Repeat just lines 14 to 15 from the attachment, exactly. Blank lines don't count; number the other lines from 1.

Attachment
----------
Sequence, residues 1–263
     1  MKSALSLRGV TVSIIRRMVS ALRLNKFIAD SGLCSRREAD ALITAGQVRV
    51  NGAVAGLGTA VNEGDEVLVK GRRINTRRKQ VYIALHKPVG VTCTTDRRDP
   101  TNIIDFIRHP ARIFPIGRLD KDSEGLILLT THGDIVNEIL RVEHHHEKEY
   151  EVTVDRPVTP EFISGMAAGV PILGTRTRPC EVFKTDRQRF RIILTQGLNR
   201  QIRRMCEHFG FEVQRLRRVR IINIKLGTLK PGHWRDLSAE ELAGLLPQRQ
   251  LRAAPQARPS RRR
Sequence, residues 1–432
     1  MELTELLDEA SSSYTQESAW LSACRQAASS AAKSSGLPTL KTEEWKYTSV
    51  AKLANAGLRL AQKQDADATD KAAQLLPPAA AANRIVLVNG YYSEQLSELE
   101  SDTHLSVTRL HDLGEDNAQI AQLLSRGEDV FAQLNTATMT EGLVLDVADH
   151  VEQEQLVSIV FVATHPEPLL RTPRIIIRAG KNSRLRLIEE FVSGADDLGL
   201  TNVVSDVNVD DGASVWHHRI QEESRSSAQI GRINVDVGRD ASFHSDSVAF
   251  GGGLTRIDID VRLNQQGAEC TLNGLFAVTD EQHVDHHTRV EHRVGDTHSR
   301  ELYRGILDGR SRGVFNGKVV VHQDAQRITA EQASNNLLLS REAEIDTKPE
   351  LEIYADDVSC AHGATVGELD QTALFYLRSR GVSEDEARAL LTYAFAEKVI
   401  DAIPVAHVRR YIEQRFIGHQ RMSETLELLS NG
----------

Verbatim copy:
   251  GGGLTRIDID VRLNQQGAEC TLNGLFAVTD EQHVDHHTRV EHRVGDTHSR
   301  ELYRGILDGR SRGVFNGKVV VHQDAQRITA EQASNNLLLS REAEIDTKPE